Welcome to The Stew’s annual team elimination posts. Like our video-game posts of last year, these are best done in theme. This time? We’re going with “Game of Thrones.” Each eliminated team will join the “army of the dead.” But we won’t just talk about their demise. We’ll also highlight some positives, pick out a memorable moment, tell you their biggest need and let you know when the club might be good again.
Sorry, Minnesota Twins, but you won’t sit on the Iron Throne this season.
You rose from the ashes and made a name for yourself. And when everyone thought you were dead around the trade deadline, you made a triumphant revival and wound up in the wild-card game.
While the turnaround was excellent, and the youngsters finally grew together, the American League wild-card game revealed there’s still work to be done. But that’s OK. The Twins weren’t supposed to contend in 2017. They didn’t exactly go out and make aggressive moves last winter.
That shouldn’t be the case this time around. Minnesota got its first taste of the playoffs, and wants to ensure it wasn’t the last. Supplementing their young core with legitimate talent will be crucial now that they’ve broken the postseason seal.
Let’s take a deeper look at the year that was in Minnesota:
UNBOWED, UNBENT, UNBROKEN (aka WHAT WENT RIGHT)
A lot has to go right to go from 103 losses to the postseason. For the Twins, it can be traced directly to half-run improvements from the offense and pitching staff. Minnesota’s runs per game went from 4.45 last year to 5.06 this season, which was good for fourth best in MLB. Meanwhile, the pitching staff dropped its ERA from 5.08 to 4.64. On top of that, the Twins ranked fifth in the AL in defensive runs saved after being third worst in MLB last season. The Twins were good away from Target Field too, winning 44 road games for the first time since 1991. (Mark Townsend)
THE RED WEDDING (aka WHAT WENT WRONG)
The Twins actually sold themselves short at the trade deadline, trading away veteran Jaime Garcia to the Yankees, their eventual wild-card opponent, just six days after acquiring him from Atlanta. They also traded key reliever Brandon Kintzler to the Nationals. The Twins were 50-54 at the time, which put them 4.5 games behind the second wild card. It’s understandable why they weren’t optimistic, but there’s no doubt both pitchers would have helped in the wild-card game. A healthy Miguel Sano wouldn’t have hurt either. (Mark Townsend)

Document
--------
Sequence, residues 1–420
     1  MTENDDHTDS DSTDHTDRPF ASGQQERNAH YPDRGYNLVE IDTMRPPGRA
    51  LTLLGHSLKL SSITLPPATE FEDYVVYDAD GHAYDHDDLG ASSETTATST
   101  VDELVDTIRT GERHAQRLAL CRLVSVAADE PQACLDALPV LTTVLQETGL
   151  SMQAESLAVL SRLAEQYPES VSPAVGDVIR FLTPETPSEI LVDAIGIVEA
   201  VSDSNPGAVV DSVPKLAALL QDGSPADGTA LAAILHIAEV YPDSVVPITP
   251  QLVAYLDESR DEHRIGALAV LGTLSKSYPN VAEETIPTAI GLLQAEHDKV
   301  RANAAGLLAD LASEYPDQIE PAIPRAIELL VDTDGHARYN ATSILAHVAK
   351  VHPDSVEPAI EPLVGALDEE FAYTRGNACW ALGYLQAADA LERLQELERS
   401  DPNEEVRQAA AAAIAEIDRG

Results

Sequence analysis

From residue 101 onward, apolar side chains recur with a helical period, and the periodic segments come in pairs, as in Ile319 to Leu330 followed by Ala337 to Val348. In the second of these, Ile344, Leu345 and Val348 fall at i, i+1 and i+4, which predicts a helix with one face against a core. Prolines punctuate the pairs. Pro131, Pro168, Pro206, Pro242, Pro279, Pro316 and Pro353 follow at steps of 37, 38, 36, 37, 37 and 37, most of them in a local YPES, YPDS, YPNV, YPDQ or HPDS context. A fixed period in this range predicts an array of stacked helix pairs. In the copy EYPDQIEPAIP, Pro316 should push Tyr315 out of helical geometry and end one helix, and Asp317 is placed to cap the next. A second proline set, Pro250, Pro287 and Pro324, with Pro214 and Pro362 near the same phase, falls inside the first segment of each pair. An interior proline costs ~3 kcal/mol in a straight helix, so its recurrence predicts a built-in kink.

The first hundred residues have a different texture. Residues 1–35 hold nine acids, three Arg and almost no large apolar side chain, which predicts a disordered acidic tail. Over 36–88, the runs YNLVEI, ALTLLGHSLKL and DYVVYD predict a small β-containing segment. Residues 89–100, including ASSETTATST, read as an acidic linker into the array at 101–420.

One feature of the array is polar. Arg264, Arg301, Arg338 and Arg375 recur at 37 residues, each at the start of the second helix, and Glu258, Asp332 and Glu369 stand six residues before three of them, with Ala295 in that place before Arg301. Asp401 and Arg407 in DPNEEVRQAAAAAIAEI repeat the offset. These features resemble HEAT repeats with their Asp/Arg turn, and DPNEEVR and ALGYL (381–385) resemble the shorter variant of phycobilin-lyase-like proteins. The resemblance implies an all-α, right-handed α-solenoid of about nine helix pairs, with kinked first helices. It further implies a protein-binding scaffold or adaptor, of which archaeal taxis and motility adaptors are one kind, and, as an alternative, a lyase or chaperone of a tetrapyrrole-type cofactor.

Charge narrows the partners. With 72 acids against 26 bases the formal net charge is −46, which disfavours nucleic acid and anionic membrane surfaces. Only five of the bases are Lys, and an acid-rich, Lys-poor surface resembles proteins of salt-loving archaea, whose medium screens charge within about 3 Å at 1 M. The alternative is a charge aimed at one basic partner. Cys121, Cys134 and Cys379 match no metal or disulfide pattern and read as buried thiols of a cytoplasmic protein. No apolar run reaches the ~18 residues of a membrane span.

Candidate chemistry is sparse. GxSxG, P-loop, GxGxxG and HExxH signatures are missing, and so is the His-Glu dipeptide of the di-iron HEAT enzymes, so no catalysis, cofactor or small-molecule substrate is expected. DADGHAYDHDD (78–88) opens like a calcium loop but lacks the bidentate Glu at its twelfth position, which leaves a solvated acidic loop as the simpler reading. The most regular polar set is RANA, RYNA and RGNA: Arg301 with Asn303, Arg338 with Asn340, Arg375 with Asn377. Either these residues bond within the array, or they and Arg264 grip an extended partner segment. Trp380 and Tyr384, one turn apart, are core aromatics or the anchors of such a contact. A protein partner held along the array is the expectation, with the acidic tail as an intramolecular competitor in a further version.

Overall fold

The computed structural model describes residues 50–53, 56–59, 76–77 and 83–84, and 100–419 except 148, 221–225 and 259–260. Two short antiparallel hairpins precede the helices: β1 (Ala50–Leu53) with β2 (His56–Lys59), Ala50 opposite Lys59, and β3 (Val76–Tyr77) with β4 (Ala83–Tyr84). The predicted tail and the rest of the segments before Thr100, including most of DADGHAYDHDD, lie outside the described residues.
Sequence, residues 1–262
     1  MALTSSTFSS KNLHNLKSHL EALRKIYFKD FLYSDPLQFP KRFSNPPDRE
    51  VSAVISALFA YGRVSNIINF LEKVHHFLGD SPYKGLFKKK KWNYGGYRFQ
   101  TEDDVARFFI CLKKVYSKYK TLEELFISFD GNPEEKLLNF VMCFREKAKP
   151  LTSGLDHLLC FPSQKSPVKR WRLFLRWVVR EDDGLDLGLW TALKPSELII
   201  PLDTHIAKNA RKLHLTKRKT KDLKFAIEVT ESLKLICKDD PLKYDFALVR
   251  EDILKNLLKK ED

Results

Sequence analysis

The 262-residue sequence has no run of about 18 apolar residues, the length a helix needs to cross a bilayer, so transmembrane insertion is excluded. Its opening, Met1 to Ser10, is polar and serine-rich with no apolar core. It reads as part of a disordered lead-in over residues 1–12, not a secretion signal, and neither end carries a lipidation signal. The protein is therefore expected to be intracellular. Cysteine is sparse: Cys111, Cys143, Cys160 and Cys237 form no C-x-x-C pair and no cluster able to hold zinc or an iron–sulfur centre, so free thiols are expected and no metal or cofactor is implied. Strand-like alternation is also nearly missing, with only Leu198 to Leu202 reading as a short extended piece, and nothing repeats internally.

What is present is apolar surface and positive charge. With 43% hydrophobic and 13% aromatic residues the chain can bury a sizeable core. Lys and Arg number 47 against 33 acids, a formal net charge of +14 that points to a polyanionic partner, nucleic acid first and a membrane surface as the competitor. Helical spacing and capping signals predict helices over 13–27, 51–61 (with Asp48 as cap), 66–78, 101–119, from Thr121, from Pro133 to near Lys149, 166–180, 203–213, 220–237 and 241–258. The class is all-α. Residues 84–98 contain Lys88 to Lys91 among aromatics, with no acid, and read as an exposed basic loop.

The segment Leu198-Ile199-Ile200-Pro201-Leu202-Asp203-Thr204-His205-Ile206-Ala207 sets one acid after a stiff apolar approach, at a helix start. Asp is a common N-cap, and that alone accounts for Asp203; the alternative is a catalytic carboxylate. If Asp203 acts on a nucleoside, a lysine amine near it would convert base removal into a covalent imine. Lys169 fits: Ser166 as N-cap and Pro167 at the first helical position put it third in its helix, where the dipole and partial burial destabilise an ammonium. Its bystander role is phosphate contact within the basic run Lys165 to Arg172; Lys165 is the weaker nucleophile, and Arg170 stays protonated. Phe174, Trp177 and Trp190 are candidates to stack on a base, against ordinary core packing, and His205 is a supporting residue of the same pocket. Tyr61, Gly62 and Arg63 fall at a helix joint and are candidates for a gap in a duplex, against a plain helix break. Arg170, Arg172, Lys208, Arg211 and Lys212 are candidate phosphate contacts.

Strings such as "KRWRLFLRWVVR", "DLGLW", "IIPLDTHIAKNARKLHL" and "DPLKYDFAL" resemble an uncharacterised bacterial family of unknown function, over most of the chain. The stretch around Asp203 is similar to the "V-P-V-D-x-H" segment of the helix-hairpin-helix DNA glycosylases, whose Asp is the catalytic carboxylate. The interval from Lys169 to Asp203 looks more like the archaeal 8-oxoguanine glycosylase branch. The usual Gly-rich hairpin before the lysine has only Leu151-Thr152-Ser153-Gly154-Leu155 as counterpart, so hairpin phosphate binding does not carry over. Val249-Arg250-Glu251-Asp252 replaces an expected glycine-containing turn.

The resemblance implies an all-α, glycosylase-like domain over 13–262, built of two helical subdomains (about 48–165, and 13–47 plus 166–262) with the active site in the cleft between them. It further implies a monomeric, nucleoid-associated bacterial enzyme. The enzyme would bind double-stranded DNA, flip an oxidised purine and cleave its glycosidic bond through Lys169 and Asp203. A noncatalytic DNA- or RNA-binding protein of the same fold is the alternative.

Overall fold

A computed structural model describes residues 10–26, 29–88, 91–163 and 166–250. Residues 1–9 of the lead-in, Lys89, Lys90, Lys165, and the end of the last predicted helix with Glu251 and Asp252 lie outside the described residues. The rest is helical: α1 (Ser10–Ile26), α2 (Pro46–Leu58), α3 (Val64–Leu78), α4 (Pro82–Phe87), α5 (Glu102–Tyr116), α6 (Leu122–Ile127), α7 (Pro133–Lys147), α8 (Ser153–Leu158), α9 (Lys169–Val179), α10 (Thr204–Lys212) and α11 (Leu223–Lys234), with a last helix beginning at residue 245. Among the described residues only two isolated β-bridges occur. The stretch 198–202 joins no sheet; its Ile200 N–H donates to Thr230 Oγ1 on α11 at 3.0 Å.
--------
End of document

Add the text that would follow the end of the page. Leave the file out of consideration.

THE NORTH REMEMBERS (aka MOST MEMORABLE MOMENT)
The most memorable thing, in the grand scheme, that happened for the Twins was the breakout of Byron Buxton, their former No. 2 overall pick and former No. 1 overall prospect in MLB. Buxton had struggled in the big leagues until this season and then — especially in the second half — he became a force for the Twins.
It’s hard to pick even one highlight, so here are a couple great Buxton moments:
His speed and defense had always been a weapon, but his bat followed in 2017, which really helped the Twins get into the postseason. He hit .300/.347/.546 with 11 homers after the All-Star break. (Mike Oz)
WORDS ARE WIND (aka MOST IMPORTANT THING TO FIX)
Ervin Santana’s tragic wild-card start against the Yankees demonstrated one thing: He is not the ace they’re looking for. They probably knew that anyway, but it served as a reminder that the Twins weren’t expecting their magical season at all. Now they get a chance to act like a team that’s trying to compete. And even though nearly every team is looking for pitching, that’s what they have to do, too. The Twins need to plug holes in the rotation and in the bullpen, but if they have to fix just one, they should focus on starters. That is, if they can’t find a way to wrap Miguel Sano in bubble wrap. If they can figure out a way to keep him healthy, they can just punt the offseason. (Liz Roscher)
A DREAM OF SPRING (aka HOPE FOR THE FUTURE)
Most of the elite prospects are up, and they all flourished this year. Byron Buxton finally found an approach at the plate that worked for him, Miguel Sano hit for monstrous power when healthy and Jose Berrios flashed some nasty stuff. They are the future.
There’s some help coming, though. Infielder Nick Gordon put up passable numbers at Double-A and could debut next season. Same with pitcher Fernando Romero, who posted a 3.53 ERA at that level. Pitcher Stephen Gonsalves is technically a closer, but struggled at Triple-A. He could need more time there until he proves he can handle the final level of the minors.
First overall pick Royce Lewis is worth watching, but remains years away after being selected in the 2017 draft. (Chris Cwik)
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